How the USWNT Won Olympic Bronze and Beat Australia

How the USWNT Won Olympic Bronze and Beat Australia

The U.S. players stream off the bench but the shouts and the running give way to exhaustion almost immediately. Smiles, more than dancing. Relief, more than revelry.

FULL TIME: The United States has won the bronze!

90′ + 3 Alex Morgan injured late, and has to be helped off. That’s important: The U.S. is out of subs. They will try to finish off Australia with 10.

90′ + 1 Four minutes of added time.

90′ GOAL! Late drama!! Emily Gielnik, a second-half sub for Australia, walks right up the middle and unleashes a shot past Franch from distance. It’s 4-3 now, and getting very nervy in Kashima.

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87′ Emily Sonnett on for Christen Press, a defensive move. But Alex Morgan is in again. She can’t get her feet sorted, though, and fails to drive in the dagger.

87′ A Lavelle cross from a tight angle, a Morgan leg stretched as far as it goes … but no. The game stays at 4-2.

80′ Carli Lloyd off, for maybe the final time in a major tournament, and replaced by Alex Morgan. She leaves with two goals today, and the satisfaction that she did everything in her power to help her team to a bronze medal. The others will have to close it out.

75′ An Australia corner forces the U.S. goalkeeper Adrianna Franch to tangle with the tall Emily van Egmond on a high ball. But Franch, thankful she is able to use her hands, gets higher and wins it easily. Crisis averted for the U.S.

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74′ Carli Lloyd nearly in again there, on another near-perfect chip by Christen Press. Australia’s Teagan Micah read it and got there first, but don’t rule out a third for Lloyd yet. What a motor on her.

70′ GOAL? No goal. Lloyd was offside before her finish, and clearly so. That is the 10th — 10th! — goal of this tournament that the Americans have had called back for offside.

67′ Three subs for Australia. Raso, Logarzo and Simon come off. Mary Fowler, who was very good in the first game against the U.S. in these Games, is on, for Simon on the right wing.

65′ Lloyd nearly got her hat trick there. Allowed to walk in on the left(!) she sets up a right-footed shot but sends it right at Micah, who falls on it. Lloyd will be disappointed with herself there.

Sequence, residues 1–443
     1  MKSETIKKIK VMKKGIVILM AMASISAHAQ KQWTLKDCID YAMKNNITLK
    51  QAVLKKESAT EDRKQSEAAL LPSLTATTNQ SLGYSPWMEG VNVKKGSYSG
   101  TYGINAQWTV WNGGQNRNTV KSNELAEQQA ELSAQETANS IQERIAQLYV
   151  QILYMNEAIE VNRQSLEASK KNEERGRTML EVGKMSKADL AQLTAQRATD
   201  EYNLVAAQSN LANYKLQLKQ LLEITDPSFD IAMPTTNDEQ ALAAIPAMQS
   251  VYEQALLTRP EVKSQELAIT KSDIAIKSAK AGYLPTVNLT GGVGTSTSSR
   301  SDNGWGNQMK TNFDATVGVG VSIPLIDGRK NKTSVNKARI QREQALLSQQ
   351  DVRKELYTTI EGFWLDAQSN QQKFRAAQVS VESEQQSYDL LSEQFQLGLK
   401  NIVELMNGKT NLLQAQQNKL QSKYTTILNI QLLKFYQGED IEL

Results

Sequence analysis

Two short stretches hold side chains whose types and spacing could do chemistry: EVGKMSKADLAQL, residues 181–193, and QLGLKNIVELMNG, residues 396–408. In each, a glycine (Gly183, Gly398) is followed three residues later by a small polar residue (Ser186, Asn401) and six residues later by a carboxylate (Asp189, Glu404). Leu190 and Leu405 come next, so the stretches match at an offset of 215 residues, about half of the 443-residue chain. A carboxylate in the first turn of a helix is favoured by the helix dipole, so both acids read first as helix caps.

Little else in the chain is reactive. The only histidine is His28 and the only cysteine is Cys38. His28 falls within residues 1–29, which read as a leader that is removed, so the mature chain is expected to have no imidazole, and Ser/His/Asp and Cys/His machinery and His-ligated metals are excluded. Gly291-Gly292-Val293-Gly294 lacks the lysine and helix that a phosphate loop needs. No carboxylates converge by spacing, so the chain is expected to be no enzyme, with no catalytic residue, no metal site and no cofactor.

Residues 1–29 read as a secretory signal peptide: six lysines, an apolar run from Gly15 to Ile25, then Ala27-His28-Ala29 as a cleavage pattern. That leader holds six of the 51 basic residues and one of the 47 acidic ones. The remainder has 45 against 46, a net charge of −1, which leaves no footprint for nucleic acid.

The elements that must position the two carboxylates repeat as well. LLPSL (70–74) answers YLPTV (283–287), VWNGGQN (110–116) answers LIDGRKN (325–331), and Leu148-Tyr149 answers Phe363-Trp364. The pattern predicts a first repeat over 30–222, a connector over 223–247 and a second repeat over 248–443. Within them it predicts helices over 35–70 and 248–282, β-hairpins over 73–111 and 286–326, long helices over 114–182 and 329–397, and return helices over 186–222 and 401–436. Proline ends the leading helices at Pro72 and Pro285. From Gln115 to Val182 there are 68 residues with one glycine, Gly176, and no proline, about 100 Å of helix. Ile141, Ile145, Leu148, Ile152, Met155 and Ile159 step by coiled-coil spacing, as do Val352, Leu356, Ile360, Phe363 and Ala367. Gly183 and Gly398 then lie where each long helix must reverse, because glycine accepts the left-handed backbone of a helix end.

64′ Observation: If you are the U.S., Australia is winning far too many headers in your penalty area. If you are Australia, of course, this is fine.

61′ Lavelle is in fact first on, for Sam Mewis, who was just shaken up. Tobin Heath comes on, too, for Rapinoe, who didn’t look thrilled. None of the forwards would even look toward the bench, fearful of seeing their number come up on the board.

59′ As we approach the hour, Rose Lavelle is up and lingering near the midfield line. She’ll be on for the U.S. in a second.

Caitlin Foord takes advantage of the glow of Carli Lloyd’s goal to immediately answer for Australia. The U.S. defense, plainly, lost her in the area, and she meets a cross with a header.

Just like that, 4-1 is now 4-2.

A minute later, Sam Kerr almost gets another. But her header, on an eerily similar cross to an similarly unmarked head, hits the post and bounces back across the goal and out.

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Now it’s Australia’s turn for a defensive mistake.

Lindsey Horan won a ball deep in the U.S. end with a heavy boot back over her head to Christen Press. Press collected it nicely and, seeing Carli Lloyd on the run with Australia’s Alanna Kennedy, chipped a great ball ahead. Kennedy got to it first but her backpass was soft and left goalkeeper Teagan Micah in no woman’s land.

Lloyd never stopped running, though, and with Kennedy screaming and gesturing for her goalkeeper to come out, it was too late. Lloyd collected and slotted home her second of the game.

49′ Now it’s Kerr and Australia screaming for a handball at the other end after four players converge on the striker to smother a shot. But replays quickly show the hand in question was more than likely Kerr’s, not an American one.

47′ Another quick VAR review is dismissed after Australia’s Hayley Raso appears to handle the ball after a tight-quarters deflection with Crystal Dunn. No penalty.

46′ A very brief halftime talk for Australia, apparently: Its players were back about five minutes before the second-half kickoff, standing around near their positions ready to go. The U.S. trickles onto the field next, and at its own pace, and now we’re back underway.

Our colleague Tariq Panja confirms the report by The Guardian: Olympic officials are considering moving Friday’s women’s soccer final between Sweden and Canada out of the Olympic stadium, and to a time later in the day, rather than play on a beat-up field that will be as hot as the sun in the Tokyo midday heat. No details yet, but definitely more than a discussion, per Tariq.

Credit…Doug Mills/The New York Times

The United States has clearly come to Kashima for a medal today. Megan Rapinoe’s two goals were the first sign of that, but it was Carli Lloyd’s seasoned finish just before the halftime whistle that — she and her teammates hope — might have broken the Australians’ spirits.

The Americans’ first-half performance is the kind of effort that they, their coach and their fans expected from the start at the Tokyo Games. The energy has been infectious, the tackling superb and the connections — witness Lloyd’s anticipation on the third goal — hard to stop.